Nick Clegg should say no to any link between state funding and boundary changes

by Stephen Tall on August 13, 2012

It’s August, so I’m not going to take too seriously kite-flying suggestions by Benedict Brogan in the Telegraph that Nick Clegg might consider rescinding his threat that the Lib Dems will vote against boundary changes (following the Tories’ decision to break the Coalition Agreement over Lords reform) in return for a deal on party funding which would include state aid for political parties:

Here’s how it was presented to me: over the next year or so Mr Clegg will find a way to back the boundary review when it comes up for a vote in the Commons. In exchange, Mr Cameron will agree to support some form of state funding for political parties. His side won’t like it, but it will be presented as Mr Clegg’s price for securing a review that gives the Tories more seats. And some Tories, including Mr Cameron, may be secretly delighted to reduce their reliance on donors who are never slow to voice their frustrations when things go wrong. With party memberships plummeting and grassroots cash support drying up, state funding is the gleam in the eye of most politicians. Keep an eye on this one.

But just on the off-chance this is being considered, let’s be clear of the reasons why Nick Clegg’s answer should be a resounding NO to any link between state funding and boundary changes:

    1) Having explicitly said the Lib Dems will veto boundary reforms, there is no way Nick can march back down the hill for anything less than the Lords reforms promised by both Lib Dems and Tories in the Coalition Agreement;

    2) It is even more inconceivable that Nick could be seen to trade Lords reform — with which the vast majority of the public agrees, albeit some way down their list of everyday concerns — for taxpayer-funding of political parties, perhaps the least austerity-friendly policy among voters that could be imagined;

    3) Nakedly linking two measures which have little to do with the wishes of the voters, and everything to do with the political needs of the two Coalition parties, will appear (and be) grubby.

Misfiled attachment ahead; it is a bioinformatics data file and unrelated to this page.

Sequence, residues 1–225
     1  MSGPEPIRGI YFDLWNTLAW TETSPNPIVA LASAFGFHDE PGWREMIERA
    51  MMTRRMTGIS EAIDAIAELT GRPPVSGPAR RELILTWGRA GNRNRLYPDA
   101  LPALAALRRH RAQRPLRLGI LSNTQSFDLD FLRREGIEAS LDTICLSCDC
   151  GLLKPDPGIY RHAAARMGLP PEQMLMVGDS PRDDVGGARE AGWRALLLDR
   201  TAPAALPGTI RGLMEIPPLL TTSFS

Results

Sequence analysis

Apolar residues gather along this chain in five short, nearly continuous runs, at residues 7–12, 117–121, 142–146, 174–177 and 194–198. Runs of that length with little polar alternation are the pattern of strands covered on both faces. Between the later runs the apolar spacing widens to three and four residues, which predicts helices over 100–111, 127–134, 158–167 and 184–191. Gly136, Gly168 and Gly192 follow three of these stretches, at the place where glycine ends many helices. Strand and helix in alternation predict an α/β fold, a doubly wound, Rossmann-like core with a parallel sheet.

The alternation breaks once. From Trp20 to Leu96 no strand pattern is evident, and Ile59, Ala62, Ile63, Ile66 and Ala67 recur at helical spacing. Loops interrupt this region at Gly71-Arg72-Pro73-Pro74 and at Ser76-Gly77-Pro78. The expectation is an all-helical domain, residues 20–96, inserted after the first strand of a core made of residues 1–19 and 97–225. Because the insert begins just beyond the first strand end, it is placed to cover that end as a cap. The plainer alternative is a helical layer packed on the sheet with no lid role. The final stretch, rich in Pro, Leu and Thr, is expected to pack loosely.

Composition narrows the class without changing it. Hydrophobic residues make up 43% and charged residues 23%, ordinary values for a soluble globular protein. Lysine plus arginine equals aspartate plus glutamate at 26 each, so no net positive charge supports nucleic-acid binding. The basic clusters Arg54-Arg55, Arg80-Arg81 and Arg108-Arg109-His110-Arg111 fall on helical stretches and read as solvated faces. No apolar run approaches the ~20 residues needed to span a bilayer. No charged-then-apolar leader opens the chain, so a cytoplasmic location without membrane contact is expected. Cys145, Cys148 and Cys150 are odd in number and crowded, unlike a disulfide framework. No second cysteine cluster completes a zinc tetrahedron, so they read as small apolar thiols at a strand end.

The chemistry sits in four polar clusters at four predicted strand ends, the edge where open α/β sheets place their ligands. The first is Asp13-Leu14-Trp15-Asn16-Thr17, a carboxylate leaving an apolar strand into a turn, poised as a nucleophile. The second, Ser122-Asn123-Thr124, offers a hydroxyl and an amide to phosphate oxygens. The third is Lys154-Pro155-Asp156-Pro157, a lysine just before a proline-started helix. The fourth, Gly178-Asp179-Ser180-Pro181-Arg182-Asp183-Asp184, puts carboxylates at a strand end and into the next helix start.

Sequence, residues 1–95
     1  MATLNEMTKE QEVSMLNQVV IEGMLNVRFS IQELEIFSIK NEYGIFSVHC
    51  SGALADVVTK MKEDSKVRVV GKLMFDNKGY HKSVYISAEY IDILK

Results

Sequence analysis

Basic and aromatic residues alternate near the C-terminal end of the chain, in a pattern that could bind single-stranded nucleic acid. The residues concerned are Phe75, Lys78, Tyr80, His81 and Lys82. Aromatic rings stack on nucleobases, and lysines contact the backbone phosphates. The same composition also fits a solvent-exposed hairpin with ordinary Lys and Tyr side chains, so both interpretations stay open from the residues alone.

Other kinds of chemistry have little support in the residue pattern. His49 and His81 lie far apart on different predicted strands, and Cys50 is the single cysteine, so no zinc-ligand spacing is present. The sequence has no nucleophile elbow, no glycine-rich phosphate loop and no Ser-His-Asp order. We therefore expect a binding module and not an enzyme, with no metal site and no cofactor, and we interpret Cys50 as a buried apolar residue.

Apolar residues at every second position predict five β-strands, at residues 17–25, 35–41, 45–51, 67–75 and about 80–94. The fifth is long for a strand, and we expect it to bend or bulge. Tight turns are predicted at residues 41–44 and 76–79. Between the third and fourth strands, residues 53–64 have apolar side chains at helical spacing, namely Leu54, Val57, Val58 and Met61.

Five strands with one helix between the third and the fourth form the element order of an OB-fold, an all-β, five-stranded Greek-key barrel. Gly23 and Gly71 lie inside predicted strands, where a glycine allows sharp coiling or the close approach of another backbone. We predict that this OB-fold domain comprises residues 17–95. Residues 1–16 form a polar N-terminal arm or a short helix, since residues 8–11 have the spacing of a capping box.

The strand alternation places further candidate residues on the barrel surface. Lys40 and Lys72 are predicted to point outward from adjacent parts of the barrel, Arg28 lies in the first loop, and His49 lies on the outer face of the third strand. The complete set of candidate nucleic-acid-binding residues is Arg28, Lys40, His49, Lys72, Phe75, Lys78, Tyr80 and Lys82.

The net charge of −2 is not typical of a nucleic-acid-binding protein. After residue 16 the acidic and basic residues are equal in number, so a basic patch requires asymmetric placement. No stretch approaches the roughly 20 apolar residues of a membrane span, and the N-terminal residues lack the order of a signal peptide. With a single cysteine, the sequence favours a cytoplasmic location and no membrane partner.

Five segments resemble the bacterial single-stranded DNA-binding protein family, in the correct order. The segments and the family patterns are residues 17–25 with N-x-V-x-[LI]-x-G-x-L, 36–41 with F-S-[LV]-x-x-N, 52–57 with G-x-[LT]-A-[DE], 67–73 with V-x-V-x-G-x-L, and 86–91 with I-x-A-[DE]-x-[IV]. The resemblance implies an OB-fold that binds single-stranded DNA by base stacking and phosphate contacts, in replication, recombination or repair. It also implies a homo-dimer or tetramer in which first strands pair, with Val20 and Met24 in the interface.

There are legitimate arguments in favour of the boundary changes — most obviously creating more equal-sized constituencies so that voters’ individual ballots count more equally — although there were very understandable concerns over the Boundary Commission’s hastily arbitrary divvying up of communities to make their numbers add up.

And I accept there are arguments that can be made in favour of further state-funding of political parties — but I don’t agree with them. As I stated back in March when putting forward 6 essential steps to help clean up the reputation of British politics:

No additional state funding
In some senses, the debate over ‘state funding’ misses the point: it already exists. Opposition political parties have benefited form so-called ‘Short Money’, taxpayers’ money spent on political advisors; party election broadcasts are freely given air-time; there’s freepost election literature distributed during election times. This is rightly, in my view, seen as the ‘price of democracy’, and is a legitimate cost of ensuring those standing for election can communicate to voters. But the emphasis must now be on restricting spending by parties already subsidised by the taxpayer, not on increasing the supply of public money still further at a time of national austerity.

Update (14 Aug): I’ve posted a follow-up post to this – There’s zero chance of Clegg cutting any boundary deal with Tories over party funding

* Stephen Tall is Co-Editor of Liberal Democrat Voice, a Research Associate for the liberal think-tank CentreForum, and also writes at his own site, The Collected Stephen Tall.